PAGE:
From Comic Book to 3D - Creating an Animation Ready Character
Aly Farroukh is currently undertaking a masters at New3dge in Visual Effects thanks to a scholarship from The Rookies annual Rookie Awards contest. His passion in 3D stems from a curiosity about the world and and wanting to recreate it digitally.
Idea and References
I wanted to pay tribute to the main character of “Head Lopper”, a comic book by Andrew McLean and re-imagine him in my own style. This personal project allowed me to take my time to understand and research every part of the pipeline, explore forms and designs and stay loyal to the character’s essence of the comic book.
I spent a lot of time gathering images and references that would help me tackle this project well. For this I used Pureref to regroup my images and Pinterest to research and collect them. Here’s a small sample of what I had in my board:
I started blocking out the character in Zbrush, making sure I get proportions, anatomy and silhouette right. It’s one of the many challenges of translating a 2D character into 3D. A good base and correct primary forms will go a long way, as a teacher once told me “from the root to the fruit”.
Once I was happy with the basic forms, making sure that the character is recognizable, I started pushing the design in my own style. Changing his gear from something cartoony to something that’s functional in real life. Since the character is Norse it was interesting to see how I could infuse elements of this culture in the design.
In the comic book series Lopper always carries around Agatha, a talking decapitated head of a witch.
For the pores and the high frequency details on the character I projected multichannel displacement maps from TexturingXYZ in Mari. I then brought the maps back into Zbrush to work on the Mid frequency details.
It wouldn’t be called “Head Lopper” if there was only one decapitated head, so I added a lopped orc’s head. It helps tell the story and express his personality. I explored different iterations of what the orc could look like. Placing the orc on the ground and seeing how it interacted with the environment helped me pick the version that worked best for the composition.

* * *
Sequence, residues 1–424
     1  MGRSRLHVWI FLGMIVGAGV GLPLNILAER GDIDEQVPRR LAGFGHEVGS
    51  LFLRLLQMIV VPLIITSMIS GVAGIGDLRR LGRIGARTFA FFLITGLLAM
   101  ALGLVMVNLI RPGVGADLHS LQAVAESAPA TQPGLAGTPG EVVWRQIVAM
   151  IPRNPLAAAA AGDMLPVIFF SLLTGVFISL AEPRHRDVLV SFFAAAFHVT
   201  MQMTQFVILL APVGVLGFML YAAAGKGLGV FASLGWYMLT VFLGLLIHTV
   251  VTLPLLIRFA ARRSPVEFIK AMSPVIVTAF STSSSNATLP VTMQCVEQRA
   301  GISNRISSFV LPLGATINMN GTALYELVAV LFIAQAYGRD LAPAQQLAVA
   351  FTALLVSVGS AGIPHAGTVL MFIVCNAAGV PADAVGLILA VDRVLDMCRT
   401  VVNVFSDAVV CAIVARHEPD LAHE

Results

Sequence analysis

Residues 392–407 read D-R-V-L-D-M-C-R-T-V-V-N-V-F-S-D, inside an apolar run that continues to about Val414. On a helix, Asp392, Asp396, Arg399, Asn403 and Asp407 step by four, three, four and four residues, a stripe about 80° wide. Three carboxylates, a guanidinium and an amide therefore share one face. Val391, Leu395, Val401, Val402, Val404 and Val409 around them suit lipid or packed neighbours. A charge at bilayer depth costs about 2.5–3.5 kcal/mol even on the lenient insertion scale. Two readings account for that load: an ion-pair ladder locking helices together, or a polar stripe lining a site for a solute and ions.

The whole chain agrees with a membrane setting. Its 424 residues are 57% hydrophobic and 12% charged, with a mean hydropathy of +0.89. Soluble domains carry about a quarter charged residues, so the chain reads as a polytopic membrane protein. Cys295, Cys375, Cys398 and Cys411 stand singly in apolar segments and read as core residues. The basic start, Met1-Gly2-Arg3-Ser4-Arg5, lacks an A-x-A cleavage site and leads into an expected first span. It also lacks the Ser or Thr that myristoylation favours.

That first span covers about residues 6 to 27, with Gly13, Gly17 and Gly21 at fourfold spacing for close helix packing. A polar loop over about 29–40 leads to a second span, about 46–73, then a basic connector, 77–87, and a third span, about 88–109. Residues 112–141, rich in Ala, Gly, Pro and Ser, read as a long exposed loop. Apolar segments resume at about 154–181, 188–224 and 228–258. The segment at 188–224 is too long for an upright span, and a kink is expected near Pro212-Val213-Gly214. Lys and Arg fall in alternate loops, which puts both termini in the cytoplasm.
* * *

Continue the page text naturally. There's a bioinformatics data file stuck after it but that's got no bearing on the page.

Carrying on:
Topology and UVs
For the UVs of the clothes and gear I like to regroup every material type by line, for example a line for metal props, a line for leather etc…
I rigged the character with a free autorigging script AdvancedSkeleton. Every character is unique so you always have to adapt the rig. To get clean deformations, some skinning still had to be done.
Having rigged the character allowed me to explore poses and look for the right silhouette. Developing a narrative allowed me to imagine the intention behind the pose.
After multiple iterations I chose the pose I wanted for the final composition and exported the mesh to Zbrush to work on the deformations of the muscles in pose and correct the volumes.
All body and organic textures were hand painted in Mari I wanted to challenge myself in order to understand the complexity and layering of the colors in the skin. And then re-imagining that same richness in unusual colors for the creatures.
Working from the cavity map generated in Zbrush and the projected displacement map, I created the texture maps (specular, roughness and coat).
As for the props and the gear, it was all textured using Substance Painter. Seeing as I had a lot of objects, it was hard for me to get everything into the same scene in Substance so I divided everything into multiple groups. To keep a continuity from scene to scene, I created my own smart materials and applied them to different assets. This allowed me to stay consistent in terms of materials and colors.
It’s very important to use the same neutral HDRi in all your scenes even in Maya so you make sure you get the same results in your render.
Once I finished the textures it was time to set up my scene in Maya to start shading my character.
I set up my light rig using Ai Area lights in Arnold that consists of a Key light (1), a Rim light (2), Fill light (3), Bounce light (4), a small light for Agatha (5) and an HDRi (the same one used in Substance Painter).
I started assigning my textures to aiStandardSurface Shaders and started Lookdev-ing my characters. As I was working a friend told me about ACES, a tool used in many big studios and becoming a standard. Intrigued, I found a great free resource written by Chris Brejon, “The CG cinematography book” that talks all about it in great detail. His book helped me with lighting and many other things, I really recommend it to anyone in the industry.
After my research I had converted all my textures to ACEScg in Nuke and switched completely from sRGB to ACES.
First, I created collections, each with multiple descriptions, for Lopper, Agatha and the Fur on Lopper’s back. For example, for the facial hair, I had the beard in a description and the mustache in another. I also split the hair into two descriptions, one pulled back at the front of the head and another for the rest. I learned a lot following the tutorials of Jesus Fernandez on Youtube and Patreon.
Agatha’s dreadlocks were really challenging, for this hair system I created Nurbs on her head to have control over the final look and then converted them into guides. From there, worked my way with modifiers to get the finished look.
For the final image I modified the lighting using the initial light rig. I changed the colors to give it more of a dramatic look and added some kick lights to make the forms pop more. After rendering the final images I took them into Adobe’s After Effects to composite my passes, add some camera effects and color grade.